In-demand fiber service coming to only a handful of places
Google has been laying low about plans to bring its exponentially quick Google Fiberservice to areas around the United States, and we took you to its first point of installation in Kansas City back in September to check out the facility and demo for yourself. Since then, the service has only been rolled out to one additional location: Provo, Utah. It's a slow-going process, with Google having only announced one additional locale for 2014: Austin, Texas.
Honoring 20 years of the World Wide Web by looking forward at the future of broadband Internet
Broadband has evolved considerably over the last decade or so in the United States. Whereas just a few years ago, large parts of the country were relegated to pokey 56K dial-up connections over standard phone lines, now multi-megabit broadband connections are commonplace and speed increases are being introduced regularly. In fact, in some test markets, broadband at gigabit speeds is on the way. And yes, that’s gigabits with a “G,” as in roughly 17,800x more bandwidth than 56K dial-up.
Note: This article originally appeared in the February 2013 issue of the magazine.
Google's plans to bring a face-meltingly fast 1Gbps Internet connection to Kansas Cities (in both Missouri and Kansas) took a big step towards becoming reality today. After haggling with city officials about wire placement on utility poles, a deal was finally struck, and the company is ready to get down to brass tacks and start actually laying fiber.
A net neutrality bill may be hacking its way through Washingtonian red tape as we speak, but its long-term success is far from certain. If you remember correctly, one of the matches that lit the neutrality debate was the threat of ISPs charging extra to provide quick access to popular websites like Google. Google, obviously, wants none of that crap. The company's plan to roll out 1Gbps fiber Internet to Kansas Cities (both of them) is not only a great community outreach program, it makes the Goog its own ISP – and the project's one step closer to reality.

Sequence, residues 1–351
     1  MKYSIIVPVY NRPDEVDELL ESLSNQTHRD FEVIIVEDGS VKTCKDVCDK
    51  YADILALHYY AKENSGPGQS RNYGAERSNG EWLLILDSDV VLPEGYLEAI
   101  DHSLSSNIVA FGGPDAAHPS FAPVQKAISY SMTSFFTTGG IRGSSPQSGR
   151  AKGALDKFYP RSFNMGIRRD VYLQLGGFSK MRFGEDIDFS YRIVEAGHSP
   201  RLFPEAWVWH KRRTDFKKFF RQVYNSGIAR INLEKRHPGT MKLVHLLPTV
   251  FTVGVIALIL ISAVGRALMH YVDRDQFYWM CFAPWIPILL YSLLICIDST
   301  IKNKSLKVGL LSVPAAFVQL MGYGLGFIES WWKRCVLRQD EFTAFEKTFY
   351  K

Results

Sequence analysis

If Comcast’s 105Mbps service costs $199.95 per month (in select markets), then naturally 1Gbps service should cost around $2,000 a month right? Well according to scrappy independent ISP sonic.net, $69.99 sounds much more reasonable, and they plan to put their money where their mouth is. The company has committed to rolling out 1Gbps fiber service to around 700 homes in the Sebastopol California area, and will study the results over the next few months to prove that its possible to offer such a high tier of service for $70, and still remain profitable.
In a lot of ways, Verizon's FiOS service has always been about showing off more than it's been about making money. Back in August Verizon proved that again when they created an experimental 1Gbps fiber network in Massachusetts. Now here we are again talking about Verizon's fiber trials. But as DSL Reports tells us, this time they've hit 10Gbps.
The test was done using a pre-release standard XG-PON2 system designed by Alcatel-Lucent. The endpoint of the network was seeing true 10Gb up and downstream connections. This is all well and good, but it's not hitting your street anytime soon. Verizon is still rolling out their 100Mb GPON-based FiOS. The XG-PON2 standard is far from complete as well. XG-PON1 isn't even ratified yet.
Still, it's nice to see this technology exists. It's comforting to know that someday when the rest of our PCs catch up, 10Gb internet may be waiting for us.
Google has just announced the next step in their plans to build out super high-speed fiber internet in the US. The Big G will be building a fiber network capable of 1Gbps speeds for Stanford University's Residential Subdivision. This is a group of about 850 faculty and staff owned home on the Stanford campus. Google will be starting the project in early 2011.